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World Allergy Organization
WAO's mission: To be a global resource and advocate in the field of allergy, advancing excellence in clinical care through education, research and training as a world-wide alliance of allergy and clinical immunology societies.

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WAO Medical Book Review

Posted: April 2012

The Allergy Epidemic: A Mystery of Modern Life
By Dr. Susan Prescott
Published by UWA Publishing (University of Western Australia); first published in 2011
ISBN: 9781742582917

Retail Price: AUD$29.95 / NZD$39.95 Available from UWA Publishing
16 Chapters plus notes and an extensive bibliography
Foreword by Prof. Ruby Pawankar, President, World Allergy Organization

Reviewer
Phillip L. Lieberman, MD, Asthma & Allergy Associates, Germantown, Tennessee USA

This wonderful instructive text is a unique contribution to the literature intended for the instruction of allergy sufferers. The dedication reads, "This book is for the countless millions who suffer the many burdens of allergic diseases, and for all those who are working so hard to solve the mystery of this epidemic."

It is unique because it is designed not only for the sufferers but for those of us who care for them. A difficult task, to speak, to such diverse audiences, but Dr. Prescott has carried it out with immense aplomb. She has delicately walked the line between an erudite text intended for scholars and a "how to manage your disease volume" designed for patients. In doing so, she deals with complex scientific phenomenon in an easily readable and concise fashion.

It is also unique in its topics. The book is actually divided into two fairly distinct sections. The first section is, for the most part, a discussion of the scientific principles underlying the "allergy epidemic." The second section deals with the more practical aspects of allergic diseases and includes subjects such as the general principles of diagnosis and management, food allergy, and the allergic diseases such as eczema, asthma, and allergic rhinitis. Although it is a daunting task indeed to capture this vast area in an intelligible manner, Dr. Prescott does it with clarity and impact.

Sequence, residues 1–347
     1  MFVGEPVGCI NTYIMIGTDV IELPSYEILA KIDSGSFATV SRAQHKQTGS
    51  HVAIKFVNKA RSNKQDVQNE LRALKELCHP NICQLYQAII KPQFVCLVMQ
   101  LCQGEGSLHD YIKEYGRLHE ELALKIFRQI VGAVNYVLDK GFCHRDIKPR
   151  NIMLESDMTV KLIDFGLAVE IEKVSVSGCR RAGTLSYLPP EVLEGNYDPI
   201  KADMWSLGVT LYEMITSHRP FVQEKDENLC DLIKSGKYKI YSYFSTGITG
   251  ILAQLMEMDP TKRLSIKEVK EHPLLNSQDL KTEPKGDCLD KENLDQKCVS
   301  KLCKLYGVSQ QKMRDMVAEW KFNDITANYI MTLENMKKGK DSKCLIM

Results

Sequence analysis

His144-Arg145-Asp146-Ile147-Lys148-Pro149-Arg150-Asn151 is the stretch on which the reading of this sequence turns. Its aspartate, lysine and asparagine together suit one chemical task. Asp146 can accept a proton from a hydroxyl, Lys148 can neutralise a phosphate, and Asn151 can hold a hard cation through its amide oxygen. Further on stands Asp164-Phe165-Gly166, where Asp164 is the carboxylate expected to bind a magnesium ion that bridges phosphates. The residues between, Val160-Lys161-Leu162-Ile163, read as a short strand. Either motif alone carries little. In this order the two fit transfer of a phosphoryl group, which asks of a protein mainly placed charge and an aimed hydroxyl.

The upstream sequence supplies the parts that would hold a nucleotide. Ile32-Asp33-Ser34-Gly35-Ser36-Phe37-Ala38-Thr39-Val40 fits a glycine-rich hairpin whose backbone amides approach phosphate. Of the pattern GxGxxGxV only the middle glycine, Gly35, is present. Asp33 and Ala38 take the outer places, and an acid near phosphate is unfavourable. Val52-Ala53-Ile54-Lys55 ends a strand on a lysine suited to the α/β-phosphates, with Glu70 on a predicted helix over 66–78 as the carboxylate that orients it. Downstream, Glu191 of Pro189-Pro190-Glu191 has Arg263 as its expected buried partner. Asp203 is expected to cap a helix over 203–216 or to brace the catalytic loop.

The chapters at the beginning of the book on the immune system, the importance of early life in the development of allergy, genetics, and especially the section on epigenetics are alone worth the price of the text. I found it highly instructive, even as a physician who has been involved in the management of patients with allergic disease for over four decades.

Another wonderfully enchanting aspect of the text is that it is embedded with periodic personal anecdotes, tales of Dr. Prescott's family and mentors, and touches of her personal philosophy. All of these add warmth not normally seen in such books, and make the appeal of this text far more personable.

Even though difficult scientific concepts are dealt with, it is a relatively "easy read" enlivened by the fact that it not only projects cold facts, but does so with an underlying "story line" that keeps the reader interested throughout the entire manuscript.

In summary, I found this to be an absolutely delightful tale about allergy which should be part and parcel of every allergist's library and can be recommended for our patients. I finished it with a permanent change in perspective as to the underpinnings of the rapid growth in allergic disease that we have seen over the past 50 years. Dr. Prescott has opened my eyes to phenomenon of which I was totally unaware. I was grateful for the read and, as noted, can recommend it without hesitation.